Every fashion week, designers and brands from around the globe, from Kanye West to H&M, strive to put on a headline-generating show. For some, that means having a model spin through the air, or projecting images right onto the models themselves. Designers have literally set stages on fire in hopes of getting people's attention.
While some designers have used their platforms to shock or excite their audiences, other designers have used their platforms to start a conversation about the day's politics.
Over the past few years in particular, designers have started to make fashion statements at their shows that meld with political statements, whether that means writing on a T-shirt or even unfurling a banner after a show.
Here are just five examples of designers making their shows at fashion week about much more than just clothes.
Vivienne Westwood gets real about climate change
The models at Vivienne Westwood's Red Label spring 2013 presentation at London Fashion Week in September 2012 were the epitome of femininity, with their strong brows and faces painted with blue eyeshadow. Their waists were defined. Sometimes even their entire faces were painted a pale pink or yellow.
Although the show could have easily stood as an attempt to comment on feminism, Westwood made it known that what was on her mind that day wasn't the patriarchy or feminine constructs, but planet Earth.
As Vogue noted of the show: "[The clothes] also pointed to a period when consumerism wasn't rampant, and fashion was not so disposable."
And at the end of her show, Westwood made that abundantly clear by wearing a pointed T-shirt and rolling out a banner that read, in big white letters: "Climate revolution."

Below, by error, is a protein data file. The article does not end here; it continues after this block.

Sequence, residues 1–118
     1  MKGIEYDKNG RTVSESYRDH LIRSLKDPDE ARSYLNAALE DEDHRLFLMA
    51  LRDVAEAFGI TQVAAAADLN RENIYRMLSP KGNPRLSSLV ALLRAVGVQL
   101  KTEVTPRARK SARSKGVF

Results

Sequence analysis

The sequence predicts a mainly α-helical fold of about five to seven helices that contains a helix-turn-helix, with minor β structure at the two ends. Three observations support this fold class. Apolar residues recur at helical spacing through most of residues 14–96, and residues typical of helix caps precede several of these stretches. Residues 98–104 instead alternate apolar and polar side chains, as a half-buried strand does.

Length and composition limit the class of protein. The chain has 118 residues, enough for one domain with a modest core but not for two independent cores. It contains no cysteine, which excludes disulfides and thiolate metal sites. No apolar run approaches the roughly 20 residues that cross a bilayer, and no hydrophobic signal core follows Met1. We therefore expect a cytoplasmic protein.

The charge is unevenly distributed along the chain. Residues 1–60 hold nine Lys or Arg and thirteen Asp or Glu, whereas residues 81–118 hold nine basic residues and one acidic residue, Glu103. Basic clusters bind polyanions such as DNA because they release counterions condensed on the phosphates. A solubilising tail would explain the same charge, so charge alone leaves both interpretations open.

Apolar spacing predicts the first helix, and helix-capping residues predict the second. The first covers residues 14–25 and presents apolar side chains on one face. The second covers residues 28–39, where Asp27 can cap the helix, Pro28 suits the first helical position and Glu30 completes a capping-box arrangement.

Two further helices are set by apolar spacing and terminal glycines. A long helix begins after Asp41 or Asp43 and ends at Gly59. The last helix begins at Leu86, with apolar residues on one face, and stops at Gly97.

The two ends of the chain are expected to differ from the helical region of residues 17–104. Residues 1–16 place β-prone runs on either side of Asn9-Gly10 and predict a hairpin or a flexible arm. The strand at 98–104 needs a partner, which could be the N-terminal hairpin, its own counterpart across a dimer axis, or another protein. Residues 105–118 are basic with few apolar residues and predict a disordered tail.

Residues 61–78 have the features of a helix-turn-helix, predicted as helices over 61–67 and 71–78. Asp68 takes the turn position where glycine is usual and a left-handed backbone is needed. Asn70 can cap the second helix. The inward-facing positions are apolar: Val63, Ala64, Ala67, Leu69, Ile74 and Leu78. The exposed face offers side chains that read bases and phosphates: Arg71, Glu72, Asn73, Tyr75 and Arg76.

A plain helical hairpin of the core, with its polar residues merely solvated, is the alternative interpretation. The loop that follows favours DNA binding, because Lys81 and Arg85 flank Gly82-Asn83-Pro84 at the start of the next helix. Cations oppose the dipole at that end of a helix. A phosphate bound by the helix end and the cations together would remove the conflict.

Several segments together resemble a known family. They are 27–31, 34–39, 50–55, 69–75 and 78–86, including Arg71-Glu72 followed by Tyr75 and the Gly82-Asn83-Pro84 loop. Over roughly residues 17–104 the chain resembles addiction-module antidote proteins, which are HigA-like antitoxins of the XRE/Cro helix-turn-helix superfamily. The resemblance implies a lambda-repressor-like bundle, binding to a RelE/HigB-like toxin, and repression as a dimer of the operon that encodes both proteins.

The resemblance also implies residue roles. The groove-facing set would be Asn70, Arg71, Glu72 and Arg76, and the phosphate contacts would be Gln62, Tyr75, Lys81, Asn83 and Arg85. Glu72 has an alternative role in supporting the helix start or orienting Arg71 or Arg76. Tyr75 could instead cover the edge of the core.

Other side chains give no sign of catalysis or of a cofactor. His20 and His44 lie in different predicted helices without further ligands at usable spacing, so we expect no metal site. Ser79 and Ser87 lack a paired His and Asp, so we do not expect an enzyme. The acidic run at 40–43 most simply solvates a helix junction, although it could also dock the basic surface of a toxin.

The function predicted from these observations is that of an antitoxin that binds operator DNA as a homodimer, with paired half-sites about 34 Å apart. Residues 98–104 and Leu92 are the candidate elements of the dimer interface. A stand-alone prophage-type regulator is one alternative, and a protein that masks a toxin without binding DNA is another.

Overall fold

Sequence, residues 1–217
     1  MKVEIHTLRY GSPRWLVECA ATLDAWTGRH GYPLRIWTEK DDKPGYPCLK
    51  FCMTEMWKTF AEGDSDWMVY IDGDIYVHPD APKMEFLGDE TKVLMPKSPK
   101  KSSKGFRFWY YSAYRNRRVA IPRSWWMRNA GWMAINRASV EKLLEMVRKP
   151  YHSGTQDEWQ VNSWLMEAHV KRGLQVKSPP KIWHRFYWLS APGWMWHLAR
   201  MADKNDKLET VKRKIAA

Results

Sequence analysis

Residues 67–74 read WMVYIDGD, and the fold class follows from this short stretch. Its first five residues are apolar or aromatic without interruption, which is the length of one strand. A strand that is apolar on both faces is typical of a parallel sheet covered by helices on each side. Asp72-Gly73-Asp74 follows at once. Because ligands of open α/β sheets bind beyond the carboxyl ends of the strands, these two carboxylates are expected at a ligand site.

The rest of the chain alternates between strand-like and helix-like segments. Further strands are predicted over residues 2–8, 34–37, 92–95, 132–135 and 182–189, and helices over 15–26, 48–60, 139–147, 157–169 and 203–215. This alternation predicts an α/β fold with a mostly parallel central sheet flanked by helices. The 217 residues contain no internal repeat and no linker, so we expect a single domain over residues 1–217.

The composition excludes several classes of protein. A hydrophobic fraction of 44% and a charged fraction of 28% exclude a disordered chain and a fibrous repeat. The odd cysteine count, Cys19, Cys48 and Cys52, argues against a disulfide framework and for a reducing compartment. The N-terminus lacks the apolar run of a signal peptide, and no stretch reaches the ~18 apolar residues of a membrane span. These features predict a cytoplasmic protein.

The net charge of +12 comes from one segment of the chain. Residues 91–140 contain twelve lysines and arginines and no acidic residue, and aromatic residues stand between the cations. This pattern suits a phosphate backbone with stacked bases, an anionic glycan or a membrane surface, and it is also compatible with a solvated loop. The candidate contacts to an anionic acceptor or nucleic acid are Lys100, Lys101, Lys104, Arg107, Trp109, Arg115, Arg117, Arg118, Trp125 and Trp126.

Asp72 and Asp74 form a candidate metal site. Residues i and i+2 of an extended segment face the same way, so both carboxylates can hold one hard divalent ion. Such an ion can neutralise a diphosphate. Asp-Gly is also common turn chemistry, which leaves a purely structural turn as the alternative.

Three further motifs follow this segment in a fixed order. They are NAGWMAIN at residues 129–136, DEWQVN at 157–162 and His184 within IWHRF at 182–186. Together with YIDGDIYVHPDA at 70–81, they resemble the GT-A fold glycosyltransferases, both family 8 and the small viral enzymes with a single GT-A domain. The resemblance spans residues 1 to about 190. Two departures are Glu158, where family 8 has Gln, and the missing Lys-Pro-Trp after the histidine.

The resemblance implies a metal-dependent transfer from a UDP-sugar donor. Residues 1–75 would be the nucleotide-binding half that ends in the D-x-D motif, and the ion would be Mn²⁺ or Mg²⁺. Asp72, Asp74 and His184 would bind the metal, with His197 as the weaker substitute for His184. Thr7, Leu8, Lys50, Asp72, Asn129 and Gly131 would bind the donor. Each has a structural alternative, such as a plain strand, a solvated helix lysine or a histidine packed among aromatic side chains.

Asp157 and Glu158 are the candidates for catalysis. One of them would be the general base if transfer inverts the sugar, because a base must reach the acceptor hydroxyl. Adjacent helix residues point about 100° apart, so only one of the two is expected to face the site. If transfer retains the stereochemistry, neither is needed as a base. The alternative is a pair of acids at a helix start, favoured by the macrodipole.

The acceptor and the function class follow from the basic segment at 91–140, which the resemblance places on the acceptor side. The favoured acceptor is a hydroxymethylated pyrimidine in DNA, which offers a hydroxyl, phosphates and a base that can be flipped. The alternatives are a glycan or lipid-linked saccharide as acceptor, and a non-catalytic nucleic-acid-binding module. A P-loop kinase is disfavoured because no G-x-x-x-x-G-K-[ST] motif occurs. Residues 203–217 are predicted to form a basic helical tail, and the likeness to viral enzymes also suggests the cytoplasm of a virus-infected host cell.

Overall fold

"Dropping her cloak to reveal the most unflattering pair of large knickers and a T-shirt that stated, 'Climate Revolution,' she further unfurled and held aloft a banner with the aid of two helmeted model helpers that said the same," Vogue reported.
Although Westwood has a long history of political moments, stumping for everything from PETA to Scottish Independence, this was one of her most iconic fashion shows to date.
Chanel stages a feminist rally
For his Spring/Summer 2015 collection, Chanel's creative director, Karl Lagerfeld, decided to unite the models in a feminist rally.
After walking down the Grand Palais in Paris in neat and colorful suits, the models — including Kendall Jenner, Cara Delevingne and Gisele Bündchen — came out for the finale with megaphones and signs that read "history is herstory," "women's rights are more than alright" and "fashion not war."
The show itself faced criticism because Lagerfeld has said some rather offensive, not-so-feminist things about women in the past.
In an 2012 interview, for example, he called Adele "a little too fat." He has also commented that he doesn't like Pippa Middleton's face, as if she ever asked his opinion. So it seemed like he was using feminism for attention or praise. But regardless of his own motives and intentions, the show was a sign of our changing times.
Pyer Moss addresses police brutality
This time last year during New York Fashion Week, Kerby Jean-Raymond, the founder of Pyer Moss, knew that he wanted to send more than just clothes down the runway. He wanted to make a political statement.